⁴ — While this and other photographic guides use terms such as “correct” for exposure, focus, etc., the correctness is anchored in an assumption that you want to render a scene as seen by the human eye. But photography is a creative medium, and thus, I believe you should feel free to make decisions about how your images look beyond the “normal.” Even if not intended, technical mistakes will not necessarily diminish the value of your images.

Above: Olympus OM-1 — a classic Japanese SLR camera with a cult following still talking about it today.

Focusing with SLRs.

Using an SLR is perhaps the most intuitive way to set focus. The small window at the back of your camera — the viewfinder — will show you a preview of your scene as it may appear on film. Whatever’s out of focus will look blurry, and you’ll be able to see the focus change in real-time as you adjust the distance setting on your lens.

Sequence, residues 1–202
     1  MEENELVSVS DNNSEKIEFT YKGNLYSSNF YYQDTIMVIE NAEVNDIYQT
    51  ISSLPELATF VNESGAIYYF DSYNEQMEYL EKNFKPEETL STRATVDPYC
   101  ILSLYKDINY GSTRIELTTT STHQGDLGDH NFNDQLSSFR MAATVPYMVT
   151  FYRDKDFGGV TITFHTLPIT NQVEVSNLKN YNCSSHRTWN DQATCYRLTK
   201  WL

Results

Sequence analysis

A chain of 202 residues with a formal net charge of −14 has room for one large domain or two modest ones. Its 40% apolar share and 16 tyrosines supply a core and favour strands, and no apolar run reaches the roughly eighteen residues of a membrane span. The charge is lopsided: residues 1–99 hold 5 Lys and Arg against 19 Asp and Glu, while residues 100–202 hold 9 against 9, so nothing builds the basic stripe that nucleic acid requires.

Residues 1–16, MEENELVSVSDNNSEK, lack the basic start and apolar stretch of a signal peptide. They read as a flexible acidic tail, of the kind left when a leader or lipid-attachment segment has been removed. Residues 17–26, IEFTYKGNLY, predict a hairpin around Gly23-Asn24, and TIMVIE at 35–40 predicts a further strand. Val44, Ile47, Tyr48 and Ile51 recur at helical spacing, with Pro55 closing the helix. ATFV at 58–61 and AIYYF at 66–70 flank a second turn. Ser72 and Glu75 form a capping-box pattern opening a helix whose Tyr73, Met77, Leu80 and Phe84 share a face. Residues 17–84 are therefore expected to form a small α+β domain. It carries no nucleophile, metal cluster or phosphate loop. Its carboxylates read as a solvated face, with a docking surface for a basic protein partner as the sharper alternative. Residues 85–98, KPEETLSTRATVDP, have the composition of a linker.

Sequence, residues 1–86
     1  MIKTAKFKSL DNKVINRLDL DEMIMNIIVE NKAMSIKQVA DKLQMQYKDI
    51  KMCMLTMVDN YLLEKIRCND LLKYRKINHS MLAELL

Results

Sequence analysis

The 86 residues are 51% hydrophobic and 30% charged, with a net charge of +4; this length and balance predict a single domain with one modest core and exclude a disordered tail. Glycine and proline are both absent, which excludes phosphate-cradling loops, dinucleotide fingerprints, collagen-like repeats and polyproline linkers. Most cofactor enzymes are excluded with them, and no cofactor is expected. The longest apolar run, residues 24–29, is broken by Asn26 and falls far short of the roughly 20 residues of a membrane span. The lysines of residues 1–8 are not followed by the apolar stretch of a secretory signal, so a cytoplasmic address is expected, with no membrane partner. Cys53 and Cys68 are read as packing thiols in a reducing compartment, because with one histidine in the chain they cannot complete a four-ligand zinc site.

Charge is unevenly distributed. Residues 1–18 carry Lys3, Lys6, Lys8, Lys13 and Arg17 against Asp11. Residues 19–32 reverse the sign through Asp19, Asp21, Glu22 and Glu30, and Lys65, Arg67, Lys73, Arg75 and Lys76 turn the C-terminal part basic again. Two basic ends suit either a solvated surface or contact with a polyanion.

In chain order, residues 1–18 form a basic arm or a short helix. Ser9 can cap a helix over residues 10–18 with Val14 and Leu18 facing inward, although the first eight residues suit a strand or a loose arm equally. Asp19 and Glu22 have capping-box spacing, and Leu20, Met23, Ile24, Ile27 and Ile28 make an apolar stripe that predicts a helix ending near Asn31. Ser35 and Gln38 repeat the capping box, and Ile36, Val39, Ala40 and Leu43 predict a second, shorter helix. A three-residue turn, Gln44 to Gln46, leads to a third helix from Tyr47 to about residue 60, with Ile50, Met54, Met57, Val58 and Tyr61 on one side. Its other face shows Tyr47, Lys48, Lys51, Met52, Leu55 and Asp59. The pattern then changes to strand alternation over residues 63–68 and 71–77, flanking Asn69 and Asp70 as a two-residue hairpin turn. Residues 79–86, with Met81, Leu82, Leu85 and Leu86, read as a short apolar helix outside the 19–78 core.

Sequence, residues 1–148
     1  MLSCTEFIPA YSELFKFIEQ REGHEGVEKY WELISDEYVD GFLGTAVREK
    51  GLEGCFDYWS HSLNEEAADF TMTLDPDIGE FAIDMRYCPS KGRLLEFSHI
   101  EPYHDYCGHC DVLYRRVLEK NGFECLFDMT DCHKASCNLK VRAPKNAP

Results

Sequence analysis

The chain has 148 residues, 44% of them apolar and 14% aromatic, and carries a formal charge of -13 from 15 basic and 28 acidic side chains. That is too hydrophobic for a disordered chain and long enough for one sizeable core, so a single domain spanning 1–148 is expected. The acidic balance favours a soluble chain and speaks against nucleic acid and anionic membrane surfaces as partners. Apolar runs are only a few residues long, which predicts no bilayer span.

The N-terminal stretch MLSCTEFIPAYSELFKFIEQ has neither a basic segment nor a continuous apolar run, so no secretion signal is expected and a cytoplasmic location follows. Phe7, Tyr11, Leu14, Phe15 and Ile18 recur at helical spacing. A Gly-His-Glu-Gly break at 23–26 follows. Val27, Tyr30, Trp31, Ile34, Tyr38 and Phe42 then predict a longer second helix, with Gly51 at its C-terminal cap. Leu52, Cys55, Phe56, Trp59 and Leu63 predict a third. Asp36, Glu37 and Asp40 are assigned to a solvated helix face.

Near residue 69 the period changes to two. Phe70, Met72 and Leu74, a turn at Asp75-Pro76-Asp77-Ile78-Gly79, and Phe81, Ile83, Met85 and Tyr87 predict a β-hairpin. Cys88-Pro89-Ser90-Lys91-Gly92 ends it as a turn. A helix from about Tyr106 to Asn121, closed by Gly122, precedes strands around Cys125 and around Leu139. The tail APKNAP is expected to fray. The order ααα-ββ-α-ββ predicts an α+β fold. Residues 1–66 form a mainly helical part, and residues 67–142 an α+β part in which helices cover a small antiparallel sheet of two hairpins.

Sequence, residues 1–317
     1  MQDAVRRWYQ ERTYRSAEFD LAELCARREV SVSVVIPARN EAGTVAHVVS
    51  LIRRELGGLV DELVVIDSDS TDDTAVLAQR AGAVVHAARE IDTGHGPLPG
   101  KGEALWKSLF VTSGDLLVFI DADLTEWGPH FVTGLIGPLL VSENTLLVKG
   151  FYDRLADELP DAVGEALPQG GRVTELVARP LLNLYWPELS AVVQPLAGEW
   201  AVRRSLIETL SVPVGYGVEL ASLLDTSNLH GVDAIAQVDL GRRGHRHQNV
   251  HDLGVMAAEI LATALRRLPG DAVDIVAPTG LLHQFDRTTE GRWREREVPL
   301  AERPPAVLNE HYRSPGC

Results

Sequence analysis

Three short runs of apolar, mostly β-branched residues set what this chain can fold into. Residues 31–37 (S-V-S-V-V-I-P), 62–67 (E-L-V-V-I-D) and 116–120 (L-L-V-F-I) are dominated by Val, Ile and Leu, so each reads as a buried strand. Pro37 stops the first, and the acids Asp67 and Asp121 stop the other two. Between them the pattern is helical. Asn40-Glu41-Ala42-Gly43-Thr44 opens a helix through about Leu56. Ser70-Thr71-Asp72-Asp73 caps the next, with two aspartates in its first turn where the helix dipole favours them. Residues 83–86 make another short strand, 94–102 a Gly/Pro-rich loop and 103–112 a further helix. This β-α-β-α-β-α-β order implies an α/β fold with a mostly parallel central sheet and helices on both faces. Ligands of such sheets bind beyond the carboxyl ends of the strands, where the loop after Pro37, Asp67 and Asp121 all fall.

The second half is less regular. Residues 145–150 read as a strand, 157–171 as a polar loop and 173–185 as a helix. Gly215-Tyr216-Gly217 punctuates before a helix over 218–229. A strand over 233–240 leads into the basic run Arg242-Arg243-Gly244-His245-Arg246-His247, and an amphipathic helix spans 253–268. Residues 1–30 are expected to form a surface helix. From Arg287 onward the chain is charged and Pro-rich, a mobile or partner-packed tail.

The downside of an SLR focusing system is that smaller apertures let in less light to the point of the viewfinder image appearing much darker than the actual. This can make focusing very difficult. To counter that, you may like to focus at the widest aperture and then adjust it to an appropriate value for your exposure before taking the shot. Most SLRs I’ve tried do this automatically (as long as you are using native-to-the-system lenses) and let you preview your selected aperture’s depth of field with a press of a button (reminder: depth of field is the area of your scene that appears in focus; it widens at smaller apertures).